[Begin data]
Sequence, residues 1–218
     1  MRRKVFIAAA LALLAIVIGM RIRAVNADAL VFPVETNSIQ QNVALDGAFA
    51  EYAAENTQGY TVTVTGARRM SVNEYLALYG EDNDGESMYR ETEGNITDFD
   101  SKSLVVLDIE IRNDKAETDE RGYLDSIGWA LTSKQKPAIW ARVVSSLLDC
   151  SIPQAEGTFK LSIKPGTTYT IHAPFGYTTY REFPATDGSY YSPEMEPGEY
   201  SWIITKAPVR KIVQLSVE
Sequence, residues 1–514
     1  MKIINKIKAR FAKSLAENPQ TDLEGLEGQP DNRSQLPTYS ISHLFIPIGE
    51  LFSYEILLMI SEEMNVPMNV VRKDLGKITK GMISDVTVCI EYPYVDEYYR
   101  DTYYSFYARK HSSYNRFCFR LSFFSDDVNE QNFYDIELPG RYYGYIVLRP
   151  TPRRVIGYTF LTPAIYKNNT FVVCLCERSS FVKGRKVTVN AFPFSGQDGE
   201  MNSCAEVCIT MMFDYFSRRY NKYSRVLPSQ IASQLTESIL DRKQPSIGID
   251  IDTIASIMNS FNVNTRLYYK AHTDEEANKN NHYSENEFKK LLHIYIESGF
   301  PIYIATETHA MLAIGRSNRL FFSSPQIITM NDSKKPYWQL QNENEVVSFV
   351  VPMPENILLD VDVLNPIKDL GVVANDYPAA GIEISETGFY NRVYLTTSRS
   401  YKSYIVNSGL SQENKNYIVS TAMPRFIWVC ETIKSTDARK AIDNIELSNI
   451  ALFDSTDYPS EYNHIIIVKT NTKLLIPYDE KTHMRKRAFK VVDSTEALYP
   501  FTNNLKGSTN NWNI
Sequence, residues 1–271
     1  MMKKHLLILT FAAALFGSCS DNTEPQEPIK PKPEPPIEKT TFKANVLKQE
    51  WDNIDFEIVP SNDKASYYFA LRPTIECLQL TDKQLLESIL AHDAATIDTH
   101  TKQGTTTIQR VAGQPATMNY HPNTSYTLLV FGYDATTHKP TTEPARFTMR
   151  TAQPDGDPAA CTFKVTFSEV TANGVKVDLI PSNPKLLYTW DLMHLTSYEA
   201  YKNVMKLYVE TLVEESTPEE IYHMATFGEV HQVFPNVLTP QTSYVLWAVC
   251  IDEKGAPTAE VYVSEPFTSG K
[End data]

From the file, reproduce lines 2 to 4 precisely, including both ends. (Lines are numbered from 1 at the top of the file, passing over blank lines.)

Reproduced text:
     1  MRRKVFIAAA LALLAIVIGM RIRAVNADAL VFPVETNSIQ QNVALDGAFA
    51  EYAAENTQGY TVTVTGARRM SVNEYLALYG EDNDGESMYR ETEGNITDFD
   101  SKSLVVLDIE IRNDKAETDE RGYLDSIGWA LTSKQKPAIW ARVVSSLLDC